3. Industry-wise effect: Many countries are in lockdown, but it doesn’t mean that not even one authority of business is in operations. It is obvious that essential businesses cannot shut down in any situation. Even in the lockdown for COVID-19 essential commodities are still being traded across the country. Therefore, if the business in which the investor is investing is pertaining to the trade of essential commodities, then there cannot be any reason to invoke MAC.

Most Affected Industry

The industry which is going face the worst impact of the coronavirus is going to be the ‘Sports & Entertainment Industry.’  Across the globe, almost every major sporting event from the English Premier League in England and the NBA in the United States of America has been either cancelled or is put on a halt to practice social distancing. No contact sport can be played, the clubs and teams in these major sporting events are facing huge losses as they are losing revenue in form of ticket, jersey sales and biggest of them all, that they are losing television revenue. Many clubs are on the brink of bankruptcy if their seasons in their corresponding league is not restarted. Even if the matches are allowed to be played, then it would be played in empty stadiums and under strict regulations to practice social distancing correctly. Moreover, the entertainment business is going to incur huge losses. The closing of movie halls, governments across the globe discouraging gathering of people and this would impact the promotion of movies and sitcoms.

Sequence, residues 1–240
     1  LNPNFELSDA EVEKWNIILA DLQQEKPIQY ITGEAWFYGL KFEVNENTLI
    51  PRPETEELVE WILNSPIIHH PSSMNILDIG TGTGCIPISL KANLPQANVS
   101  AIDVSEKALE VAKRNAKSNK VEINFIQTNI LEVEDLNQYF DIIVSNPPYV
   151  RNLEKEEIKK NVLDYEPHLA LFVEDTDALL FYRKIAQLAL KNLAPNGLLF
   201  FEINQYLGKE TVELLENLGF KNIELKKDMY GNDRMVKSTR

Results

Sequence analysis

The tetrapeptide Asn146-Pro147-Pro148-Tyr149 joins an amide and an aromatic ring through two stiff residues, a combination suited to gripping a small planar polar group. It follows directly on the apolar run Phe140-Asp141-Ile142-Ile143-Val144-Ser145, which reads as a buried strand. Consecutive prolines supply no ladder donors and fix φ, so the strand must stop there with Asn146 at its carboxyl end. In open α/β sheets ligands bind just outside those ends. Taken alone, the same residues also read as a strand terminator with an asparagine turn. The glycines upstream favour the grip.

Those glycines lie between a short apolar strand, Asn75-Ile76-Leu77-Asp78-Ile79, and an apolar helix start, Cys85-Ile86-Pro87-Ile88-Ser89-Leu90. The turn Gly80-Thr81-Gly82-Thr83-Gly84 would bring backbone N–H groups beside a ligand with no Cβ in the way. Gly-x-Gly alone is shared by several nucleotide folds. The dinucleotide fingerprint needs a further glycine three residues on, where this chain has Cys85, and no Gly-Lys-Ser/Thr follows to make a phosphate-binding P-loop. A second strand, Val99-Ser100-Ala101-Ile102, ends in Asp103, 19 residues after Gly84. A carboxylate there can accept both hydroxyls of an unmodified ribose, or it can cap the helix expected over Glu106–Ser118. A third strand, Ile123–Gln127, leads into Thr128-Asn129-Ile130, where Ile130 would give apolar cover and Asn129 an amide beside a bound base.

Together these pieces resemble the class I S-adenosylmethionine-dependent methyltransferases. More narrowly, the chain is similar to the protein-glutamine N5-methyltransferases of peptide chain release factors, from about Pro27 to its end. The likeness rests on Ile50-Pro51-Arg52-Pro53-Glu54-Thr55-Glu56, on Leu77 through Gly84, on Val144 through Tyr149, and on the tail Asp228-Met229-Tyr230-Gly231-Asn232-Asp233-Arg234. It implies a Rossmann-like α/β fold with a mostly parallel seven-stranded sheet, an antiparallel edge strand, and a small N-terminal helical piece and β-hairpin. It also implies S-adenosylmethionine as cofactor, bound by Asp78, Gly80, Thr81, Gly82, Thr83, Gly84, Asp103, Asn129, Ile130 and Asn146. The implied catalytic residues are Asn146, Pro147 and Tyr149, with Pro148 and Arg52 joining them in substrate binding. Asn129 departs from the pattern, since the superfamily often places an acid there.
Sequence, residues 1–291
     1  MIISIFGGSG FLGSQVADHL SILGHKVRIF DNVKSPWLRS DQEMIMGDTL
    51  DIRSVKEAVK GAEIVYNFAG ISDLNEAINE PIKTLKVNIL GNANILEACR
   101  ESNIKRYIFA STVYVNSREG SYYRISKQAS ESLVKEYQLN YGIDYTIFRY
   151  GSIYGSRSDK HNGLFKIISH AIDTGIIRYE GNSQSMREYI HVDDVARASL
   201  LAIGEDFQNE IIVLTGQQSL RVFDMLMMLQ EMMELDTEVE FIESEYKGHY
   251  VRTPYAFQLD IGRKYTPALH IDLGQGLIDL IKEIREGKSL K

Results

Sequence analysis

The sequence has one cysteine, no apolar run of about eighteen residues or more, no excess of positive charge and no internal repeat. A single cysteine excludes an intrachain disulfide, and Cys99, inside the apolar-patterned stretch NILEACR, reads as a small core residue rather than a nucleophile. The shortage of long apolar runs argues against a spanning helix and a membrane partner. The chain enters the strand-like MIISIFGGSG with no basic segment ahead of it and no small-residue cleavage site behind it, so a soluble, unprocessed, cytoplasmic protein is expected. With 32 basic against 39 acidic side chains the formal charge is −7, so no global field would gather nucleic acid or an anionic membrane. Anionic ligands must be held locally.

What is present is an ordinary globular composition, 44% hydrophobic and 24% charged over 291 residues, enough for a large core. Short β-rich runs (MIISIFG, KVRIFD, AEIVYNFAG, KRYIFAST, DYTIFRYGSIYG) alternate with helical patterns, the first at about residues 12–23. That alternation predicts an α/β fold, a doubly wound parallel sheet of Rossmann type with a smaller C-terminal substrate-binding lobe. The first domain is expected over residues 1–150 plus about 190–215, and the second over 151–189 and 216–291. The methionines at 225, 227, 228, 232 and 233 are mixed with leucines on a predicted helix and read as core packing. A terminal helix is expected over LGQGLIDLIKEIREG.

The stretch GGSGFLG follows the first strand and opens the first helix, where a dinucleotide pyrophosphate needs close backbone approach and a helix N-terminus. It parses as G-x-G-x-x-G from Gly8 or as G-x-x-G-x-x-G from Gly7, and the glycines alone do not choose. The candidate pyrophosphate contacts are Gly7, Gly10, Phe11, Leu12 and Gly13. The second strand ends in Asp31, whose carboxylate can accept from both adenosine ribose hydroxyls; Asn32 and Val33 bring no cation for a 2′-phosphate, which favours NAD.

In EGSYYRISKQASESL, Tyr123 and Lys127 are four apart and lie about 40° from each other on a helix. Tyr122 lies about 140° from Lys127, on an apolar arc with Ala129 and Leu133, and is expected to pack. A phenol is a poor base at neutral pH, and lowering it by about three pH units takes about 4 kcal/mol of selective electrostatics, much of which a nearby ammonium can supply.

Worst Economic Effect on European Countries due to the Coronavirus

Almost 30% of the world’s coronavirus cases have occurred in the continent of Europe.[ix] The end of this pandemic is nowhere near. According to the report[x] of the United Nations, Department Economic and Social Affairs (DESA), the biggest economies in Europe are projected to shrink by 5.5% this year. The pandemic has initiated a domino effect, the practice of social distancing has led to almost no growth, no generation of real income and a decline in the employment of people in the continent. Moreover, the continent has the highest percentage of old-age people, who are most vulnerable to the virus. As a precaution, international travel is going to be disregarded and that is going to lead in the downfall of the continent’s real income and GDP itself. South-Eastern Europe is the most vulnerable as it is heavily dependent on FDI from China which is surely going to reduce substantially.